Food policy theorists are split between those who believe in reforming the industrial agro-economic system and those who want a more radical shift to a system based on sustainability and environmental balance, wrote The Globe and Mail Feb. 8, in a story about a report by the Canadian Agri-Food Policy Institute that shows Canada’s position as a major food exporter has fallen to number seven in the world.
Rod MacRae, a food policy expert at York University, is among the latter. He praised the spirit of the report – one of several non-government food strategy efforts under way across Canada – but questioned its focus on expanding into global markets.
“Some regional economic theorists are saying you feed the family and trade the leftovers – you focus on minimizing your need to import, really optimizing what you can produce domestically and then you trade your excess,” he said. “That’s what will really give you both environmental and economic bang for the buck.”
Popular kids more likely to be bullies, study finds
It’s common to cast the class bully as a marginalized, troubled kid acting out, wrote The Globe and Mail Feb. 8, but we should be taking a closer look at the behaviour of the popular kids. According to new research on aggression and social status, it’s actually the second-most popular kids who are particularly likely to torment their peers as a way to earn status and power.
A key objective would be to strip aggression of its perceived power among the majority of students who, while they may not be aggressive themselves, may not be discouraging it among their peers [said the study’s author, Robert Faris, of the University of California, Davis]. “They’re the ones who hold all the power, collectively,” he says.
Bullying expert Debra Pepler, [Distinguished Research Professor] in York University’s LaMarsh Centre for Research on Violence & Conflict Resolution and scientific co-director of the anti-bullying website www.prevnet.ca, says this conclusion is especially useful.
In her work videotaping children, she has found that 85 per cent of the time, an act of bullying is witnessed by other children. And 75 per cent of the time, those watching are encouraging the bully, Pepler adds.
Steeles West subway station gets hip, downtown facade
Organic, whimsical, a monster or a flying saucer – the new Steeles West subway station design makes a statement, wrote the Toronto Star Feb. 8. What that statement says probably depends on who’s looking or listening.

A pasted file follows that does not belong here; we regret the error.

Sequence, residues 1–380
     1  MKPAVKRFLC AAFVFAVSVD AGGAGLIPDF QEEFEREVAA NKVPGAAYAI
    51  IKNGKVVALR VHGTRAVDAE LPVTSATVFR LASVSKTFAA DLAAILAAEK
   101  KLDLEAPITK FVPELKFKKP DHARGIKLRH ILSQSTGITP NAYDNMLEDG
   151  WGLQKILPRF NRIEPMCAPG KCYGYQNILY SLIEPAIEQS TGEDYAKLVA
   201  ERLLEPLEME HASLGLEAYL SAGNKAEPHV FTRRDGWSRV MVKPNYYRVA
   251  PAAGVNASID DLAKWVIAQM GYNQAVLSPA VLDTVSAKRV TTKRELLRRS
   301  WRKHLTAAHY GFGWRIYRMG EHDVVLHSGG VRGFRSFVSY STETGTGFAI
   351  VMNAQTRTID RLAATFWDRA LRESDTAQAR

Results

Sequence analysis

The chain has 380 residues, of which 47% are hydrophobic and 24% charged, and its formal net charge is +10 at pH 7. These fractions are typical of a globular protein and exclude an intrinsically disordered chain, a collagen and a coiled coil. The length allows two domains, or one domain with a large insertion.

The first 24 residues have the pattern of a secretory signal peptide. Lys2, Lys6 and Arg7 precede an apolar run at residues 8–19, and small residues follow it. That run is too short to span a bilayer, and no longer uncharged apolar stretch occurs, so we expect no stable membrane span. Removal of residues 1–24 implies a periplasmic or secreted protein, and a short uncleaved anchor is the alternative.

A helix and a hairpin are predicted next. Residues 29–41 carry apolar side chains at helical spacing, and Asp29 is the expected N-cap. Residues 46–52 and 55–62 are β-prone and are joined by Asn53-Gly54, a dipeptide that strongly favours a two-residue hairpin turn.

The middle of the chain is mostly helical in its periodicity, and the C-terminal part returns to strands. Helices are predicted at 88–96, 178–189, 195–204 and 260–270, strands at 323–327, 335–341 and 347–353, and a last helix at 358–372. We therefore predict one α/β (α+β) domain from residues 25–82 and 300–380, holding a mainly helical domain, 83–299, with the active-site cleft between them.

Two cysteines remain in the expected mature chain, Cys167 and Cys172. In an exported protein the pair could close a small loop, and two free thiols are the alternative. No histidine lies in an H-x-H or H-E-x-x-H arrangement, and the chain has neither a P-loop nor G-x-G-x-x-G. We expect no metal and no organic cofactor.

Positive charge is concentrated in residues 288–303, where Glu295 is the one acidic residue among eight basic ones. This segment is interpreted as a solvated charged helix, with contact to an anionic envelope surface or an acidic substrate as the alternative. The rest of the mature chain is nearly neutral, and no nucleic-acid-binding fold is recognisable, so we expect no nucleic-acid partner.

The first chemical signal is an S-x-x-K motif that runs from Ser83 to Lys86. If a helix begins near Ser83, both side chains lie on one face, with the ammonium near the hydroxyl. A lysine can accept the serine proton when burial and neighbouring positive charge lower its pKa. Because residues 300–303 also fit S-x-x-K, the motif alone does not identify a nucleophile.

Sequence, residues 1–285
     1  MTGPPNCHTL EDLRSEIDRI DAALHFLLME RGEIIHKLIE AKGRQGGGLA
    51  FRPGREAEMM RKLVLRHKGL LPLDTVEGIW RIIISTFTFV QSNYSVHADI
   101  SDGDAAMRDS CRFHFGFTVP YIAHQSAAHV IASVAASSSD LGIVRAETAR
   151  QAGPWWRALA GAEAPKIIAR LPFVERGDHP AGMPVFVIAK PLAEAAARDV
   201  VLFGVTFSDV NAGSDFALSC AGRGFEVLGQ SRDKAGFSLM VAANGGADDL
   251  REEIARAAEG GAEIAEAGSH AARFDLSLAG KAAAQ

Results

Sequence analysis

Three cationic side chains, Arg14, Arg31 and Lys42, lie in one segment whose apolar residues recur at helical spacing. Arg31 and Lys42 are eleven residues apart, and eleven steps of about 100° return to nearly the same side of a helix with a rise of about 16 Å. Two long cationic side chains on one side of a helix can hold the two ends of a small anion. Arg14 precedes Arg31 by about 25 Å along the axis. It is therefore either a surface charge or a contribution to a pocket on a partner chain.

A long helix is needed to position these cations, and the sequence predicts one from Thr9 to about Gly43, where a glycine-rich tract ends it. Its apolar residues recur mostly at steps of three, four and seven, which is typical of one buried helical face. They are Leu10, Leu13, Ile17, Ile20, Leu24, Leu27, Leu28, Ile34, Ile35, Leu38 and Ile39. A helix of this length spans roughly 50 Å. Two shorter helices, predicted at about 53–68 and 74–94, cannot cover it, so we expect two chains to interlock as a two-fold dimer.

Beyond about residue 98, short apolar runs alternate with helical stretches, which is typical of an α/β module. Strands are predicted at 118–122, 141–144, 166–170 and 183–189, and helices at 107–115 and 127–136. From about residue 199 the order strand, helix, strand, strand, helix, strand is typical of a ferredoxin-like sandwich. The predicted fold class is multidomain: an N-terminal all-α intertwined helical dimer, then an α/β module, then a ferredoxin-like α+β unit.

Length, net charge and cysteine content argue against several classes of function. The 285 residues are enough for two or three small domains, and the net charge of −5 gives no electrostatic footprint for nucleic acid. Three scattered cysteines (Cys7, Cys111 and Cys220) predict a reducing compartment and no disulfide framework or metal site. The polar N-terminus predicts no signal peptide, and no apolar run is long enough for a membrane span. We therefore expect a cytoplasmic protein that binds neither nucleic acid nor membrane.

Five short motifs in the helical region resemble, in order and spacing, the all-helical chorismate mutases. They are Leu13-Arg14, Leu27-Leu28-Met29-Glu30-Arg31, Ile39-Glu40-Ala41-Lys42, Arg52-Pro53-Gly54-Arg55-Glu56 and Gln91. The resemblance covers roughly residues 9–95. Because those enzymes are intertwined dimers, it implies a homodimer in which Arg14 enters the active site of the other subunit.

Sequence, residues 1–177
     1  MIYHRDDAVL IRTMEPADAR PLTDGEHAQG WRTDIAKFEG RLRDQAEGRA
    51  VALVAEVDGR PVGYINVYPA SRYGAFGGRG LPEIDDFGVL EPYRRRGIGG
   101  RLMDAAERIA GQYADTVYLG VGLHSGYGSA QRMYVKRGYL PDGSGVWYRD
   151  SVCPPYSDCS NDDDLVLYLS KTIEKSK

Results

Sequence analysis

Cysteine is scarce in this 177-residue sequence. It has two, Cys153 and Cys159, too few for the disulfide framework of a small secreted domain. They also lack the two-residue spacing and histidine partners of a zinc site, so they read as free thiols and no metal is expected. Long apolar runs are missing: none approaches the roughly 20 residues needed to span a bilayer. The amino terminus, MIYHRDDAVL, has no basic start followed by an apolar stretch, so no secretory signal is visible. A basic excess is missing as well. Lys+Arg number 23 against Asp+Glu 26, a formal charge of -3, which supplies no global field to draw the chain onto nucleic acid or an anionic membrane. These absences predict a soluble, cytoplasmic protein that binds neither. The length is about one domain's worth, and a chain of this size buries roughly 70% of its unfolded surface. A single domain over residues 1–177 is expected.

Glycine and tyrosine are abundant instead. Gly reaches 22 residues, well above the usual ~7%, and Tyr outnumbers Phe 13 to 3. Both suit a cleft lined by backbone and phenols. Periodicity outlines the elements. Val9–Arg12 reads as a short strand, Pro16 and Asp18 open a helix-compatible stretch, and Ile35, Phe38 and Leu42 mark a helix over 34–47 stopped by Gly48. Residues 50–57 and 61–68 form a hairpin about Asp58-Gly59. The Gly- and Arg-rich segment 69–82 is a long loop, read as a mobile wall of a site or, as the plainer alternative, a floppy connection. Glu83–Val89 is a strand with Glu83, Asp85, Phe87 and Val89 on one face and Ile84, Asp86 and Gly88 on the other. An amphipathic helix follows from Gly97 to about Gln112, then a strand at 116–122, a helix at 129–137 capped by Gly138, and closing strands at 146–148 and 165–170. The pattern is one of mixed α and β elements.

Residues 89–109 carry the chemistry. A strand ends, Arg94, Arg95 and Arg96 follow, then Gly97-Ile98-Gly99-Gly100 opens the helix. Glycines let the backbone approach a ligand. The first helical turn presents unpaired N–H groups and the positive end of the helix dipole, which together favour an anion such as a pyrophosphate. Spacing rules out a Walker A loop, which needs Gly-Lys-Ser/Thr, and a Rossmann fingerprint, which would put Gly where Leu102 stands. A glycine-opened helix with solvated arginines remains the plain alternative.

The entrance will sit north of the York University [Keele] campus on the dividing line between Toronto and York Region. It has been designed by British “starchitect” Will Alsop, best known in Toronto for the futuristic Ontario College of Art & Design on stilts.
The station, on the Spadina subway extension, will open in 2015 and is expected to be used by 3,810 commuters in the peak morning rush by 2031, according to the TTC.
The distinct façade will be made of Corten steel, which has a copper component that weathers to a rusty patina. “It develops this rich oxidized surface,” said Celia Johnstone, lead designer with the Spadina Group Associates that includes Alsop and Stevens Group Architects in Toronto.
The station incorporates 12 bus bays for the TTC and five York Region bus bays, as well as two cool roofs and a green roof. There will be a commuter parking lot with 1,850 spaces on the nearby hydro corridor.
- Research by York psychology Professor Nicholas Cepeda, of the Faculty of Health, about applying the lessons from research to teaching methods was featured on radio stations in Toronto and Ottawa Feb. 7.
- David Doorey, professor in York’s School of Human Resource Management in the Faculty of Liberal Arts & Professional Studies, spoke about the issue of contracting out city garbage collection, on Global TV News Feb. 7.
- York Professor Priscila Uppal, of the Faculty of Liberal Arts & Professional Studies, spoke about her work as Canadian Athletes Now Fund (CAN Fund) poet-in-residence during the Vancouver 2010 Olympics and Paralympic Games, on CBC Radio’s “Dispatches” program Feb. 7.